There are three sculptures that are not winged: Split Monumental, Equilibrista 90 Monumental and Hombre Universal Monumental. Split Monumental has a gymnast with a hawk mask and short hair, balancing on his hands on a globe. It is playful yet mysterious. A viewer senses that the strength of the gymnast would permit him to hold the position for an extended time, and that he then would revert to another such graceful demonstration of strength and balance.
Equilibrista 90 Monumental is much the same, a masked gymnast supporting himself with his hands on a globe, this time with his legs stretched straight out in an elegant line. The sinews of his strength are apparent. It may be that these are scouts, keeping themselves fit for the coming battle to save the city.
The third wingless sculpture, Hombre Universal Monumental, is a special case, as the genitalia of the male figure, not exposed in the other eight sculptures, are shown here, and the placement and appropriateness of this work have been questioned by some. It's near the splash pond on the northern side, where children go, and this has evoked special criticism.
Children, of course, go everywhere in the park. The sculptures are usually placed at or near corners of the park, facing passing pedestrians and automotive traffic. Hombre Universal Monumental needs to be seen against the sky, since it is an open sculpture, and would lose much of its power with trees as background; being placed by the pond permits this. One sculpture, El Tiempo, is located on a grassy knoll, but placing Hombre Universal Monumental there, while it would have provided the sky, would have made it even more visible, even pre-eminent. In my view, its placement by the pond is appropriate, even judicious and necessary, for the work to be appreciated.
The work shows a man standing on a large open ring of metal and holding onto it at its top with outstretched arm. Within the circular ring is another circle, smaller, and within that a third even smaller, but none touching the figure. The rings suggest to me scientific exploration at work, as in the search for the atom, and also suggest the delicate balance of this universe, or at least of this planet, with human beings possibly slated to follow the dinosaurs into extinction.
The sculpture is not of course animated, but the impression lingers that the rings will spin, perhaps when dusk settles in, and a journey of exploration will begin. Though not winged, the figure does wear the hawk's mask, suggesting responsibility -- perhaps he, too, is a scout for the winged warriors.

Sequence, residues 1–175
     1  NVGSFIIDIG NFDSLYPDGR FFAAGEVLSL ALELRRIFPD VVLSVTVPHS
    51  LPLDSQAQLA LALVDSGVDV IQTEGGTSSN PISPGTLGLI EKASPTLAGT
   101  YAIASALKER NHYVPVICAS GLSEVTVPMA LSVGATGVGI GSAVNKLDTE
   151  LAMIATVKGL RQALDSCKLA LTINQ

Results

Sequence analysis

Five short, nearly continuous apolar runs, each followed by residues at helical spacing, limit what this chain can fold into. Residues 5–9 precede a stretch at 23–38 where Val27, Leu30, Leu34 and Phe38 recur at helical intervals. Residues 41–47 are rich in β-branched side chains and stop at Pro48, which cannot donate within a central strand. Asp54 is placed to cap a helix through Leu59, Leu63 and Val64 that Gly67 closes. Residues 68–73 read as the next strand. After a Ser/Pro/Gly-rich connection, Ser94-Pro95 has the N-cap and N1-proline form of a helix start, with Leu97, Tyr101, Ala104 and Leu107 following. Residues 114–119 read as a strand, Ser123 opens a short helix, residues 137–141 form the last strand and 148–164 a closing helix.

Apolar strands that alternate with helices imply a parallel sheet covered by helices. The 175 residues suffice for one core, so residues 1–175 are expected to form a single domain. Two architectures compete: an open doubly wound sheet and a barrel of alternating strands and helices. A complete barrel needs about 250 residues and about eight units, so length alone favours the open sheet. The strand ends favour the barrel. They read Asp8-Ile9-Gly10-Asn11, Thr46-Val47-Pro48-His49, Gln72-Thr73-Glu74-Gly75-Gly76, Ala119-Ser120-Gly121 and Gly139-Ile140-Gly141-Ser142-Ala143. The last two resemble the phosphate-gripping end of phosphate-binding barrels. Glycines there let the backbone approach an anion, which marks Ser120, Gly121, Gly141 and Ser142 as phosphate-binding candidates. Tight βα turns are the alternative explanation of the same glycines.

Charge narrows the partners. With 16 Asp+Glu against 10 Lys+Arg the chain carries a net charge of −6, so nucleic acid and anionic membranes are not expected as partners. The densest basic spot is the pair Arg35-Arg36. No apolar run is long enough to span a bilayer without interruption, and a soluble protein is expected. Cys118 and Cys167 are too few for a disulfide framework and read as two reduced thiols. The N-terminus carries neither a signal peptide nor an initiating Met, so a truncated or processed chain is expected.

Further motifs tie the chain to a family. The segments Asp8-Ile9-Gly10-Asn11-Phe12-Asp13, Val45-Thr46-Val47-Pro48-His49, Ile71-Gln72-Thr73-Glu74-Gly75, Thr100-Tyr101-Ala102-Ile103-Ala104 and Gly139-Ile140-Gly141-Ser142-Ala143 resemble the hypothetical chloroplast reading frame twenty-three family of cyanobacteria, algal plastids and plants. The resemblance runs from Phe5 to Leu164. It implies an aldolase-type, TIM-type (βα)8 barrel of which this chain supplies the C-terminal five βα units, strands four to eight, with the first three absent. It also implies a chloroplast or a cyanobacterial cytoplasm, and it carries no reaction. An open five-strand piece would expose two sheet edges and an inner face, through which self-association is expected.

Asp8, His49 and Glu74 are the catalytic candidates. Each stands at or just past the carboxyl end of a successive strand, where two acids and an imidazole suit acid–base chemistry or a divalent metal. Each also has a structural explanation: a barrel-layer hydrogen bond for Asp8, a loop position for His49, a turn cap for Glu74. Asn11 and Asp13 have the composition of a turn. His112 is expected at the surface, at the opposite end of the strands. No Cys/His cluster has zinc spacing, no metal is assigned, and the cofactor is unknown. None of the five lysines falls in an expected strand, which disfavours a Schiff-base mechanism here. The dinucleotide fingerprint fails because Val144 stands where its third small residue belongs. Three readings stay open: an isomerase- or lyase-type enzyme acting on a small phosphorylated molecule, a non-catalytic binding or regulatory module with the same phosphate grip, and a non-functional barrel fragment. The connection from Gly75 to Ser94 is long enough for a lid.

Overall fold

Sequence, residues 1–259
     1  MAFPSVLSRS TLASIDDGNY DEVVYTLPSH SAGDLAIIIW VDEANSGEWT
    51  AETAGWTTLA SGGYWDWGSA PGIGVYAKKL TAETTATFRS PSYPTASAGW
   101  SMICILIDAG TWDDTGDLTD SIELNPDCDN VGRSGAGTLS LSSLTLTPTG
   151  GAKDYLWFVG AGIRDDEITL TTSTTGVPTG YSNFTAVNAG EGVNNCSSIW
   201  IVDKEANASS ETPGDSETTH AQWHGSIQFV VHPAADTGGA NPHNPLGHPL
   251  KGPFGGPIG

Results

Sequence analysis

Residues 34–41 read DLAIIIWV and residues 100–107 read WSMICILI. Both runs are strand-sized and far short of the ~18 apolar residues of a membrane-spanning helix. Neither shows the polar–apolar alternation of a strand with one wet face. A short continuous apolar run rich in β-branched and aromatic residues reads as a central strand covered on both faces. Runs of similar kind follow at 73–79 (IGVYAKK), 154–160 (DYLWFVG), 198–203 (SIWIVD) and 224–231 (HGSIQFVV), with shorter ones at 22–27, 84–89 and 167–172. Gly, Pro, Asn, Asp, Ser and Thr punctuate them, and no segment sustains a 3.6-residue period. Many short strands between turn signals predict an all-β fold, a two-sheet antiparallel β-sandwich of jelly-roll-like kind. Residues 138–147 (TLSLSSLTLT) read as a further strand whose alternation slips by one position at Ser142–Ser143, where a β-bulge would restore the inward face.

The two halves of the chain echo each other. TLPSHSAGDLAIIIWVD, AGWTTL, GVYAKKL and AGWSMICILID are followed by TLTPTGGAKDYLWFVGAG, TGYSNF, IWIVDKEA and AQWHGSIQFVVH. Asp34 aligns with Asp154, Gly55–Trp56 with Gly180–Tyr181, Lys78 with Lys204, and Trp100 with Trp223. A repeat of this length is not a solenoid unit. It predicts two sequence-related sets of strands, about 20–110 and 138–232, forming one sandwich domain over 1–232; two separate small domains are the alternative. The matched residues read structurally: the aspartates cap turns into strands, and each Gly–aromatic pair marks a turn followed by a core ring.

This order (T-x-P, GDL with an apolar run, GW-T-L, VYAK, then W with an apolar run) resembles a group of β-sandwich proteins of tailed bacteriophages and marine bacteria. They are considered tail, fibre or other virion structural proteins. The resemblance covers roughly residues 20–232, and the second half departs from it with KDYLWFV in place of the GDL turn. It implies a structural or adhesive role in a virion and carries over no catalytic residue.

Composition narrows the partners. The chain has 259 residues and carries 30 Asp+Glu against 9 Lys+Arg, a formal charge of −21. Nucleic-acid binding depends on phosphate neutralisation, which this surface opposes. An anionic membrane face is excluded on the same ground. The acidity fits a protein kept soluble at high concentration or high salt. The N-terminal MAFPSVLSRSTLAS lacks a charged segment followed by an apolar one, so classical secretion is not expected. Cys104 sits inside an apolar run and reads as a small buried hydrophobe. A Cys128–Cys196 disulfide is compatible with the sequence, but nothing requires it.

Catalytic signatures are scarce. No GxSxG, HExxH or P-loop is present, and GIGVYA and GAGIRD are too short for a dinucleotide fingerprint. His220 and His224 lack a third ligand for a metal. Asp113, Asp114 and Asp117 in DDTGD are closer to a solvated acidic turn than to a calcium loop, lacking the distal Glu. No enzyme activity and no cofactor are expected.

The work is clearly an homage to and an echo of Leonardo da Vinci's sketch of the Vitruvian Man, probably the best-known drawing in the history of art, which shows a man with arms outstretched, within a circle. This man is naked as well, and the tribute to da Vinci would have been spoiled if Marín had elected to conceal the genitalia.
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Perhaps Marín's winged angels do exist, in an alternate universe. Humans can perceive only four dimensions, three of space and the fourth of time. While some scientists disagree (no surprise there), many others have come to believe that there are ten dimensions. The angels may represent an alter ego, a better person who walks invisibly by our side, and whom we have the capacity to become at any given moment -- should we care to.
In any case, I feel safer with these bronze creatures guarding our city. And I feel enriched by having been able to spend some time with them. You will as well, if you can visit their temporary habitat before they fly away to save another city.
But why not keep two of the Winged Warriors in Houston? Of the guardians, two are not wearing masks: El Tiempo, whose guardian is wounded, and Abrazo Monumental, whose guardian is comforting a dying woman. The sculptures are multiples, available in limited editions. If generous donors were found, it might be possible to keep these two in Houston and have new ones shipped from Jorge Marín's atelier to join the traveling exhibition. El Tiempo is priced at $91,000 and Abrazo Monumental at $71,000, and they're available through the Meyer East Gallery in Santa Fe, New Mexico, with additional costs for shipping and customs. Art patrons, think about it.